Book Thread 2024

You’re both right, Fred dies in the book during the hard burn back to the wormhole base thingy, but Alex got killed off in the show in the same manner because he had some sex stuff pop up IRL.

Even the first 25%. But it turns horrible when the female lead is kidnapped and fridged and made to follow a murderer subserviently for the rest of the book. The male protagonist is a soulless caricature and so for me the rest of the book is a repugnant failure after that great opening.

Almost sounds like we could be discussing Sword Art Online.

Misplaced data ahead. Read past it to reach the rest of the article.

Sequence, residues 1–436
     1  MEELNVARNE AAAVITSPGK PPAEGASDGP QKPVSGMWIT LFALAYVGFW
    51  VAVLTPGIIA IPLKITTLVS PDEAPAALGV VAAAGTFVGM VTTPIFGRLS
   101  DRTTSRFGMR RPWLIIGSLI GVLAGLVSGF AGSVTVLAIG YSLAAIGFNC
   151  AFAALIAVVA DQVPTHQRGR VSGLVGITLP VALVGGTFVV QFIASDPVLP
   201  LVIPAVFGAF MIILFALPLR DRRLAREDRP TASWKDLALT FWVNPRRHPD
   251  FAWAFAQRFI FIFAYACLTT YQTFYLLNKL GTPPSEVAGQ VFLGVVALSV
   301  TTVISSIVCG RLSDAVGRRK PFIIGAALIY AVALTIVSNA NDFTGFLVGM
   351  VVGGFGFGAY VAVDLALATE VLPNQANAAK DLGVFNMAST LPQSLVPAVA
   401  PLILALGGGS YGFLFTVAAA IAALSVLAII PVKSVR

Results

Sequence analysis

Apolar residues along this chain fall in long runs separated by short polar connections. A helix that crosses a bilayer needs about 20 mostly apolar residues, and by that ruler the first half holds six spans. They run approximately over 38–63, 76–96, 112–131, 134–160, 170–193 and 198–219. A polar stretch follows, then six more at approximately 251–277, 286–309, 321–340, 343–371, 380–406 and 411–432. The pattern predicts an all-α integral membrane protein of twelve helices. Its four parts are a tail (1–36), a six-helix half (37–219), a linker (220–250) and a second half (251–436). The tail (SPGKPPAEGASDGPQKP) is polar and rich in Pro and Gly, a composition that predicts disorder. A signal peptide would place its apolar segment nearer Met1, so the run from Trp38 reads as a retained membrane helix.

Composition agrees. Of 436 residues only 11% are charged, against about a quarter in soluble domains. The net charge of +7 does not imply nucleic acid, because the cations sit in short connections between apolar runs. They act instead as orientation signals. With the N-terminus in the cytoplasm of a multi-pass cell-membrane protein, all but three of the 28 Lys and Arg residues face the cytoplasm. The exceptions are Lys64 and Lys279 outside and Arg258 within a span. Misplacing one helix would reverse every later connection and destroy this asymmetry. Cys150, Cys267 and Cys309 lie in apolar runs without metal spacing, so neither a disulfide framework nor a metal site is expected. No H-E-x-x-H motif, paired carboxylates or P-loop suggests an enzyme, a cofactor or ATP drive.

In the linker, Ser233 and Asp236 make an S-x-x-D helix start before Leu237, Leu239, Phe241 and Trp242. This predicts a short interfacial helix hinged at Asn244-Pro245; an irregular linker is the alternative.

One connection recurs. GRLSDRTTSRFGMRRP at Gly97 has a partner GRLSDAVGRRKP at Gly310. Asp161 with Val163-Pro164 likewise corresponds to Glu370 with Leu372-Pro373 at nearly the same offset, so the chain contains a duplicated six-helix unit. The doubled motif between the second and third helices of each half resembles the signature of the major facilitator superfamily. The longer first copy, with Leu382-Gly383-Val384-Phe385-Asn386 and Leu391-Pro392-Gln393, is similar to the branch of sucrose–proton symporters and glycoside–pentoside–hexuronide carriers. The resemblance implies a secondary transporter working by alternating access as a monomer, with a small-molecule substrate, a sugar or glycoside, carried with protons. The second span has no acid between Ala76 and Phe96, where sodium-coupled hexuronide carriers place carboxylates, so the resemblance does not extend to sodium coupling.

Yeah, I remember that now, but I guess compared to the death in the TV series, it didn’t strike me when you referenced a major character…

Just finished reading Becky Chambers’ A Psalm for the Wild-Built and I’m sorry to say I just found it very meh. This was really disappointing for me because I’ve generally loved everything she has written, but there’s just not very much going on in this story. It was well enough written I guess but it was mostly just a philosophical discourse between a robot and a tea monk. Just didn’t do it for me unfortunately.